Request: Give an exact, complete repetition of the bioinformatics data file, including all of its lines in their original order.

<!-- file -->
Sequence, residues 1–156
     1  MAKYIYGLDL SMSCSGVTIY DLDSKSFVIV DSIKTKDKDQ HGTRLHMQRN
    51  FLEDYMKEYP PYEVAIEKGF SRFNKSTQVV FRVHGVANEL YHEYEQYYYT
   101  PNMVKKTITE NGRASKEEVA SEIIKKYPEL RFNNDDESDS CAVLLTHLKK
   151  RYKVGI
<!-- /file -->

Sequence, residues 1–156
     1  MAKYIYGLDL SMSCSGVTIY DLDSKSFVIV DSIKTKDKDQ HGTRLHMQRN
    51  FLEDYMKEYP PYEVAIEKGF SRFNKSTQVV FRVHGVANEL YHEYEQYYYT
   101  PNMVKKTITE NGRASKEEVA SEIIKKYPEL RFNNDDESDS CAVLLTHLKK
   151  RYKVGI